Our empty buses

2 thoughts on “Our empty buses”

  1. Here are more articles on these ideas:

    http://northassoc.org/2009/12/23/transit-thinking-outside-the-bus.aspx

    Last year, policy analyst Randal O’Toole ran the numbers for the CATO Institute, where he is a senior fellow, comparing mass transit vehicles to private vehicles, ranking each based on how much energy they consume and how much CO2 they emit. The average motorized city bus, he reports, burns 27% more energy per mile than a private car and emits 31% more pounds of CO2. The U.S. Bureau of Transportation Statistics confirms that the average city bus requires 20% more energy per passenger than the average car…

    Ridesharing applications for smart phones — users enter their location and desired destination and a cost-conscious carpooler responds — are already in wide use, Mr. Rubin says. Self-sustaining, small-scale private jitney systems have successfully operated for years in Atlantic City and Puerto Rico (all North America’s early public transit systems were privately operated until they were nationalized). And with billions freed up from public transit funds, it appears entirely feasible to simply offer subsidized Prius taxis, or even car subsidies, to the small portion of the public entirely reliant on public mobility…

    http://northassoc.org/2007/11/27/randal-otoole-the-folly-of-smart-growth.aspx

    People who are disabled, too old, too young, too poor, or otherwise unable to drive have long been the major users of public transit… [I]nstead of building high-cost, high-capacity rail lines and then attempting to redesign cities to provide ridership, planners should focus on designing transit systems systems to serve low-density urban areas. That means using low-capacity jitneys, shuttle vans, and demand-responsive transit systems. It also means demonopolizing public transit, opening the door for private providers of transportation services…

  2. See also “Private buses make a comeback in NYC” at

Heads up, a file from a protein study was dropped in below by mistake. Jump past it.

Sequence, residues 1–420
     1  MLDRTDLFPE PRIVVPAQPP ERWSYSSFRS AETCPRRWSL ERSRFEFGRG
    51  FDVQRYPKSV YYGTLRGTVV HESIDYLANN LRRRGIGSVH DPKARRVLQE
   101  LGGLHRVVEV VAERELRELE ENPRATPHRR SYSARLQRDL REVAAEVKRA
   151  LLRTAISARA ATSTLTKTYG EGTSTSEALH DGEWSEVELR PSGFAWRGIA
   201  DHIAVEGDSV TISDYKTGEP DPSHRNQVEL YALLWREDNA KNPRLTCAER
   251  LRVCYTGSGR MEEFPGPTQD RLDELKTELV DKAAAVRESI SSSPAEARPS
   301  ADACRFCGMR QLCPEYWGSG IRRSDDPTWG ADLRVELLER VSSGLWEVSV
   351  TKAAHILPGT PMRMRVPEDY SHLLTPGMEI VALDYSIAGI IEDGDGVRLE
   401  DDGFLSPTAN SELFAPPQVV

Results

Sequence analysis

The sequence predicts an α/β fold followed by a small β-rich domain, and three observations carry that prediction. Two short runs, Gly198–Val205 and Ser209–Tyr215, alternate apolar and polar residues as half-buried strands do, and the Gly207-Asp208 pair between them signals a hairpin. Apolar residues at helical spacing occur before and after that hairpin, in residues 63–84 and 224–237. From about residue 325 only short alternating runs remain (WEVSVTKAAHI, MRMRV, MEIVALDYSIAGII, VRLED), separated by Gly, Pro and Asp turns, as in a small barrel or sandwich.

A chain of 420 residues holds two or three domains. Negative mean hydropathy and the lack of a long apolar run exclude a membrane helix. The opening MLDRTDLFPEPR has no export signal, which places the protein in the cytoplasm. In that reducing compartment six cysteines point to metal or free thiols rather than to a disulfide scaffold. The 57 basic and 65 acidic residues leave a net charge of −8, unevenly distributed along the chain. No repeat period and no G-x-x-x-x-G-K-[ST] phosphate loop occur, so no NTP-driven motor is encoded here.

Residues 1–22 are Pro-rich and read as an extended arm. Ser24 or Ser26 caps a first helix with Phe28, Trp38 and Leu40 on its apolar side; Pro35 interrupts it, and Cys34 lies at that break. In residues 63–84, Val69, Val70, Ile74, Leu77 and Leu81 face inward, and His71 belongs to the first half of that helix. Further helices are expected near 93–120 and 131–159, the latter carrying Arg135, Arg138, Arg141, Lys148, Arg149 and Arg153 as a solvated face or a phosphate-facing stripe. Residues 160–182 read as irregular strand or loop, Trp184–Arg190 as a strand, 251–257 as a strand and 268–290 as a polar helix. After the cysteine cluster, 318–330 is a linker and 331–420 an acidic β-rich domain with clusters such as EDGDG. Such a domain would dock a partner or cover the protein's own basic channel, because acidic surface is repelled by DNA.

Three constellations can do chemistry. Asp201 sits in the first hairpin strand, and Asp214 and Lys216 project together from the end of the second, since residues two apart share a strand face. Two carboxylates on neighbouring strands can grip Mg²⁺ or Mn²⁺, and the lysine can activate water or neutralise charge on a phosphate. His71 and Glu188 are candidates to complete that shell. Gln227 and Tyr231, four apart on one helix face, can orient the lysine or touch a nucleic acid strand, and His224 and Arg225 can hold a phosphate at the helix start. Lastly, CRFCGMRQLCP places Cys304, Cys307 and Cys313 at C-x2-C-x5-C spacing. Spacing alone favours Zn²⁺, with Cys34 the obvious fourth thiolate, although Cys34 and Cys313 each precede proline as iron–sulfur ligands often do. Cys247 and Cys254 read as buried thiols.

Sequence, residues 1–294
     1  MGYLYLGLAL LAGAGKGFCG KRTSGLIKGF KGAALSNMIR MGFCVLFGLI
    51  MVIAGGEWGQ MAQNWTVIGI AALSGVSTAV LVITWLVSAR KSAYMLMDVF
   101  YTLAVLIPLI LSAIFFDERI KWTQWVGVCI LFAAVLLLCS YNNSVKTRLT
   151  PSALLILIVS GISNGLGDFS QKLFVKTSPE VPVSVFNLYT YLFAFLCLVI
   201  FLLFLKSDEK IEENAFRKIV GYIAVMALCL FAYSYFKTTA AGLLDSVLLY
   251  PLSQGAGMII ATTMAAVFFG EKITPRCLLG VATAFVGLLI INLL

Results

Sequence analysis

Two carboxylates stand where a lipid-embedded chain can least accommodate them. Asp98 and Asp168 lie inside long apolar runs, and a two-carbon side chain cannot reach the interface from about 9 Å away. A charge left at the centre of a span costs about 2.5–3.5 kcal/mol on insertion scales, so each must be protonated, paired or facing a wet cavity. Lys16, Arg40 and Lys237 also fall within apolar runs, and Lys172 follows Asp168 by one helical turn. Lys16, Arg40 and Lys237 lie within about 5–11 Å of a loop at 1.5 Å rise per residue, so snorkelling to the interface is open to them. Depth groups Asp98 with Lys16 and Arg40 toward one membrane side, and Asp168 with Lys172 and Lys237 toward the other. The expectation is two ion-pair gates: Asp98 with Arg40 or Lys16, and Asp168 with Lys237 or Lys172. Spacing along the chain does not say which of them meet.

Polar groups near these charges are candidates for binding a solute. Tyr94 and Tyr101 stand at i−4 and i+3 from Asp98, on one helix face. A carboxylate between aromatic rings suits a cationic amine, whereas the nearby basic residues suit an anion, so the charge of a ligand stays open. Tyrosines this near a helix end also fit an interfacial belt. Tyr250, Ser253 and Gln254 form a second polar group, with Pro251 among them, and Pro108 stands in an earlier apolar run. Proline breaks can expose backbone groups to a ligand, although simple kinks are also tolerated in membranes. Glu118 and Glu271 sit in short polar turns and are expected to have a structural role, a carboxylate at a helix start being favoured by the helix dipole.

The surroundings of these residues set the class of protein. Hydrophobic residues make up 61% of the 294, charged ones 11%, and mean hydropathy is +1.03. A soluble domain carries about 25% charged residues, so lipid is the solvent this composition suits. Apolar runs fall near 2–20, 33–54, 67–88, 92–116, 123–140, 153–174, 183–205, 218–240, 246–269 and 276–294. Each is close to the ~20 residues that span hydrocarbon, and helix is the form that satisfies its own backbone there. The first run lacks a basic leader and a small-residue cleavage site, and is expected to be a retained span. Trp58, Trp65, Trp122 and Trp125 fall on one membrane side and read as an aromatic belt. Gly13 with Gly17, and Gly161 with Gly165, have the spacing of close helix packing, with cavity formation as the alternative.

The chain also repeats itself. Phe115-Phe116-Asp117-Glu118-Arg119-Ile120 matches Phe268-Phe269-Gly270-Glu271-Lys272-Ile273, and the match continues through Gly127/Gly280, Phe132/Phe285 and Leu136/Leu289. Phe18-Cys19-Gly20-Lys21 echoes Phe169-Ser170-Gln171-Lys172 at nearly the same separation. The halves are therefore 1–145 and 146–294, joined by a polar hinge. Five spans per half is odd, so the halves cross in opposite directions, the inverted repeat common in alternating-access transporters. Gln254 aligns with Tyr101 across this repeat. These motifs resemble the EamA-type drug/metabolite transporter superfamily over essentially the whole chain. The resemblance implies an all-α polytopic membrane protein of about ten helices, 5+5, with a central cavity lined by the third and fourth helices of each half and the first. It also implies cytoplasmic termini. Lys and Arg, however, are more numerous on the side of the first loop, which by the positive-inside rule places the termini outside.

http://marketurbanism.com/2010/08/16/private-buses-make-a-comeback-in-nyc/

    …the outer boroughs’ immigrant communities have had robust networks of informal private vans (known in NYC as “dollar vans”), which operate illegally but have been hard to prosecute, likely due to the fact that they are used mostly by linguistically-distinct immigrant communities. The recent cuts even propelled the bootleg bus phenomenon out of its immigrant ghetto, when a brave bus operator named Joel Azumah made headlines by operating a bootleg bus route along routes cut in Manhattan, Queens, and Brooklyn…

    The city’s Taxi and Limousine Commission appears to have headed that call, and under the direction of chairman David Yassky is trying to replace at least some of the old bus routes with private buses. Unlike the city’s much-abused private van service, where operators are technically not allowed to pick up riders off the street who haven’t called ahead of time, the buses would operate with many of the privileges of regular city buses, with the added flexibility of being able to alter their routes to fit customers’ needs. Cap’n Transit has speculated that this discretion could be used as a back-door way to expand the private buses’ reach to areas not officially sanctioned by the program…

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